those talks. This only increased Pakistani insecurity and reinforced the idea that Washington will
ignore its interests in the Afghan endgame.
The US goal in Afghanistan now is to reach a negotiated settlement that allows it to withdraw most
forces, leaving a few thousand behind on bases in the north and west to protect the government in
Kabul and carry out limited counterterrorism operations against al-Qaeda and other groups that
threaten the government or US interests. A Time magazine blogger captured the new strategy
poignantly, saying, Counter-insurgency is so 2007....All the cool kids are into counter-terrorism
now. Moreover, the US and Taliban are also moving toward more serious negotiations. Some initial
confidence-building measures such as the opening of a Taliban political office in Doha and the
release of Taliban prisoners from Guantnamo are being undertaken.
Prospects of peace, however, cause disunity as much as prospects of war. Pakistan is already
suspicious of the Qatar initiative because the US has kept it (and Afghanistan) out of the dialogue. It
also wont hesitate to exercise its influence over members of the Taliban leadership in exile. It has
jailed several members of the group and is keeping others under house arrest and will undoubtedly
seek several preconditions and concessions before it releases them to participate in the
It is also true that while negotiations shimmer, mirage-like, on the horizon, the Taliban has
continued to systematically assassinate people in Karzais government to weaken the regime, and
there is no guarantee that they will cease such attacks between now and 2014. Any future Taliban
attack threatens to again raise the heat between America and Pakistan.
Finally, the negotiations themselves will prove a tough endeavor. During the bargaining process, the
United States rational goal will be to concede as little as possible in terms of power and control to
the Taliban and other Pashtun groups being supported by Pakistan, while Pakistans goal will be to
draw away as much power as possible from the US and its Afghan allies, who are mainly composed of
ethnic Tajiks, Uzbeks, and Hazaras and belong to the group formerly called the Northern Alliance.
Moreover, Pakistan, like other countries in the region, would not want a long-term American military
presence in Afghanistan and will also make that an issue that will continue to complicate the tug-ofwar with the US over ultimate outcomes in Afghanistan.

hile the US seeks a political settlement with the Taliban in Afghanistan, its policy against al-

Qaeda is to disrupt, defeat, and dismantle the organization and prevent its return to Afghanistan or
Pakistan. The war against al-Qaeda is an area in which the US and Pakistan have cooperated in the
past and will continue to cooperate in the future. Since 2002, Pakistan has been steadily attacking alQaeda in the tribal areas and arresting its operatives in Pakistani cities. Several members of alQaeda, including senior member Younis al-Mauritani, were arrested in Pakistan in 2011.
The war against al-Qaeda, however, raises the key issue of drone strikes. Since 2004, the CIA has
been conducting a drone campaign inside Pakistan that has eliminated hundreds of al-Qaeda fighters
and their local allies. Last year alone, at least three top al-Qaeda operatives, including military chief
Ilyas Kashmiri, were killed through drone strikes.
The drone program has, however, been an issue of contention for two reasons. First, these strikes are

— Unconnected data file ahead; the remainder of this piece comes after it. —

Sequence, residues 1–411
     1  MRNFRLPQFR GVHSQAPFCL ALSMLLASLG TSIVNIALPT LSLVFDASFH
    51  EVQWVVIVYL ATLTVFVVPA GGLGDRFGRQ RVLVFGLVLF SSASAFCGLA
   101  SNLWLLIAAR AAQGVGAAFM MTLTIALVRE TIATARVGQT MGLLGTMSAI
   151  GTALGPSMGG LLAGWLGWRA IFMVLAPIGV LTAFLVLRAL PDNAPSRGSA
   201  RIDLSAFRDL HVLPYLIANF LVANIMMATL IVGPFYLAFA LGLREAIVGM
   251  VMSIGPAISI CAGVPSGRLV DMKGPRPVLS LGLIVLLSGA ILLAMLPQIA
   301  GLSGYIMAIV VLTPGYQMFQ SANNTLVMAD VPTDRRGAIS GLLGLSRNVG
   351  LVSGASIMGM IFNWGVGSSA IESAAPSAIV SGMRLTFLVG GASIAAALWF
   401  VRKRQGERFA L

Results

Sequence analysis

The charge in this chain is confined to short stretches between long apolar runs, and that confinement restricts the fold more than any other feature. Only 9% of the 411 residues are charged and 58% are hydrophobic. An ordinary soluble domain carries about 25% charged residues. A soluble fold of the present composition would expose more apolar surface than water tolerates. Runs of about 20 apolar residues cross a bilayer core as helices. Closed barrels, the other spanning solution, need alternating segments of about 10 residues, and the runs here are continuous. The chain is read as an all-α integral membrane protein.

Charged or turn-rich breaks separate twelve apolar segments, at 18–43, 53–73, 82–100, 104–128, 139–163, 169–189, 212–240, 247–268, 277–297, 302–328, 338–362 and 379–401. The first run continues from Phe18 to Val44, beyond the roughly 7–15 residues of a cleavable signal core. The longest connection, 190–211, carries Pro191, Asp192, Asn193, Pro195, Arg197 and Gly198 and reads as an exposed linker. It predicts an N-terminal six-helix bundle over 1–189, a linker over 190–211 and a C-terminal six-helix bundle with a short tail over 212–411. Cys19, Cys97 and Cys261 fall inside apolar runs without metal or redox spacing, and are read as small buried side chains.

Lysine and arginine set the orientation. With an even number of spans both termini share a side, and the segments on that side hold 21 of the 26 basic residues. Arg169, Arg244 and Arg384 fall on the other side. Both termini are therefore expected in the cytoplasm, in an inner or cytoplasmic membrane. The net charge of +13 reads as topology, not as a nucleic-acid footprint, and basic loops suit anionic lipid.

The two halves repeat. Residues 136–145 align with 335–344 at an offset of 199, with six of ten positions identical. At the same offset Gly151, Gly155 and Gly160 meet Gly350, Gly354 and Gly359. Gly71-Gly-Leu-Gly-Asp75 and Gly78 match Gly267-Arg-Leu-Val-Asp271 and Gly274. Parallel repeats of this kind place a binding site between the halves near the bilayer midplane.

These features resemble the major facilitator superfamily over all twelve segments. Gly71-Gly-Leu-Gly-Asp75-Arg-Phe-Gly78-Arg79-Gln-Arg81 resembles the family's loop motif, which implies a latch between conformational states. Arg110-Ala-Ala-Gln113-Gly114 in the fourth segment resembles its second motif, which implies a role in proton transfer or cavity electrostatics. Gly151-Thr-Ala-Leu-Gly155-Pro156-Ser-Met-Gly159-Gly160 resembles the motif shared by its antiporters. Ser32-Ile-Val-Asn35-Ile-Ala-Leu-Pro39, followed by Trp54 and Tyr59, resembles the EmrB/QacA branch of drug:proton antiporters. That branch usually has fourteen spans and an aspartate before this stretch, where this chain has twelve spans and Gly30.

unpopular with the Pakistani public because of the civilians who perish in the collateral damage. A
2011 Pew survey found that sixty-one percent of Pakistanis disagreed that missile strikes were
necessary and eighty-nine percent said strikes kill too many civilians. A survey carried out within the
tribal areas by the New America Foundation found that seventy-six percent opposed US missile
strikes and forty-eight percent said they kill civilians rather than militants.

While Pakistans official policy has been to condemn drone strikes, the military and the civilian
government have supported them behind the scenes. In one cable released by WikiLeaks, Prime
Minister Yousaf Gilani was quoted as saying, I dont care if they do it as long as they get the right
people. Well protest in the National Assembly and then ignore it. General Ashfaq Parvez Kiyani, the
powerful head of the Pakistani military, was reported to have even requested more drone support in
South Waziristan. Moreover, these strikes have occurred with intelligence sharing between the ISI
and CIA, with the human intelligence that is required to conduct the strikes coming from Pakistan.
Finally, until recently, the drones often flew from Pakistans Shamsi Airfield.
But a shift in policy has now taken place with the forced vacation of the Shamsi air base and the
Pakistani Parliaments recommendation that no unauthorized incursions into Pakistans airspace
occur. Based on Pakistans new policy, drones can no longer fly out of Pakistani bases and Pakistan
itself should have an increased role in the decisionmaking over the strikes. According to Zafar Hilaly,
a retired Pakistani diplomat, due to the indiscriminate and hugely counterproductive attacks of
recent years, Pakistan wants to limit their number and also be informed of the strikes and the targets
prior to their occurrence.
Despite these shifts, however, the drone program will continue to be an area of cooperation between
the two countries. This point was clearly illustrated through the two strikes that took place on
January 10th and 12th of this year. The strikes killed Aslam Awan, a senior al-Qaeda aide, and also
allegedly targeted Hakimullah Mehsud, leader of the Movement of the Pakistani Taliban (TTP), an
al-Qaeda allied group. Several more strikes have taken place since, and despite tensions over the
Salala incident no sustained opposition has been voiced from Pakistani officials, evidencing